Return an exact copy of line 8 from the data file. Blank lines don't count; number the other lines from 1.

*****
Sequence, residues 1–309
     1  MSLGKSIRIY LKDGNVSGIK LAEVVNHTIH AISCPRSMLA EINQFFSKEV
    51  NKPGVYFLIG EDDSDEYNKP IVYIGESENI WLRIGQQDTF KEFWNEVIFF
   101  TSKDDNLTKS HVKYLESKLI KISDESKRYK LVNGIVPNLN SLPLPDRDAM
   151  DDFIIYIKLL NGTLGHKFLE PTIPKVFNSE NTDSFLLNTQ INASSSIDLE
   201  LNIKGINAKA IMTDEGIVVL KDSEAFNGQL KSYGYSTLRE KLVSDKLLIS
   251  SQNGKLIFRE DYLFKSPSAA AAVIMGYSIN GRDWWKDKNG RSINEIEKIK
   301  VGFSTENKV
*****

   301  VGFSTENKV